- Standing Up to Bill O'Reilly
- Muhammad Cartoon Crossfire
- Quick Takes: U.S. Investigates Decker College, AAUP Panel Backs NYU T.A.s, Toronto Students Print Cartoon of Muhammad and Jesus, Utah Student Charged With Hacking Prof's Computer
- When a Cartoon Causes Pain
- To Show or Not to Show Muhammad Cartoon
- A Costly Muhammad Cartoon
- Aftermath at Chapel Hill
- Paris attacks reignite debate over university presses' commitment to free speech.
When the Image Is of Jesus
Muhammad isn't the only figure who can set off a debate about religious sensitivities and free speech.
At Virginia's Radford University, a student cartoon called "Christ on Campus" is entertaining some students, but offending others -- and the administration is calling in student journalists to discuss the matter. The cartoon has been published throughout the academic year, but discussion of it has intensified amid the public debates over the Danish cartoons of Muhammad, which have recently spread to American colleges.
At Radford, a publicly supported institution, Christian Keesee said he started the cartoon because "no one ever does a cartoon about Jesus" and he wondered "if I could go there." A Pentecostal, Keesee said he views the cartoons as "pro-Christianity." The weekly feature appears in Whim, an online magazine produced by Radford students.
Keesee said he is particularly proud of the "commercialism vs. religion" theme of his Christmas edition of the cartoon, which shows Santa and Jesus fighting and in which Santa stabs Jesus. Keesee said that his seriousness about the messages of Jesus inspired the cartoon. Whim allows readers to comment on the cartoons, and reactions to this one included a range. The work was called "disgusting" and full of "hate" and also praised as insightful, funny, and the cartoonist's best work ever. (Generally, the comments indicate that this and other cartoons sparked discussion at the university.)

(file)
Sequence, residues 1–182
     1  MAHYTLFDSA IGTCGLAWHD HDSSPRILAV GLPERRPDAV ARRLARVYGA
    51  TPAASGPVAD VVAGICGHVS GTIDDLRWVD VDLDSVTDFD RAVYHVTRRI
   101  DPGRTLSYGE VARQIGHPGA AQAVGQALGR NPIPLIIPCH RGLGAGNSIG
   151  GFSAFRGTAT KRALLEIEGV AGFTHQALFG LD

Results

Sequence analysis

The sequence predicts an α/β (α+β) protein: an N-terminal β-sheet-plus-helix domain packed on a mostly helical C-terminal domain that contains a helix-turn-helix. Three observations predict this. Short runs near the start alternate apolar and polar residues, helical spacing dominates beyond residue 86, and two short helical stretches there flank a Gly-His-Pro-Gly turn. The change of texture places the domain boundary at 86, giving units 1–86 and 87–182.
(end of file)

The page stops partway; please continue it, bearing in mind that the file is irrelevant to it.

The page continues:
Several of the cartoons explore issues of responsibility -- why God would have allowed Katrina to harm so many people in New Orleans, why students think God can solve all of their problems without helping themselves, etc. While a number of the cartoons are not obviously pieces that would upset religious Christians, the uproar over others is less surprising. One cartoon features Jesus being asked by a woman he has been kissing whether he has a condom, while another shows Jesus trying to ignore a gay couple. In a cartoon relevant to the recent uproar over images of the Muslim prophet, Jesus is playing poker with the devil and various non-Western deities, one of whom may be Muhammad.
Keesee said that those who have objected to his work "are too quick to judge the cartoon because it's not a picture of Jesus with Bible scripture next to it." And he said that he believes his non-traditional portrayals of Jesus are consistent with Christian belief. "Jesus was a regular guy and by drawing him like that, I think people can relate."
Not everyone at Radford is relating.
Norleen Pomerantz, vice president for student affairs, said that she requested a meeting with Keesee and his editors because of complaints the university has received. Pomerantz said that the university has not tried to censor or punish, but that the cartoon raises issues.
"We do respect the rights of the students and the student-controlled media to express themselves. That's important," she said. But Pomerantz said that "we also want students to be aware of other people's sensitivities and taste and journalistic standards that they have to adhere to."
Pomerantz said that she hoped the meetings with students would be "a learning experience" for them.
Keesee said he would meet with administrators, but that he was "shocked" to be called on to defend his cartoons to university officials. "I"m trying to explore issues," he said, adding that once he started making Jesus a regular in his cartoon, he decided that the cartoons "should make a point."
Search for Jobs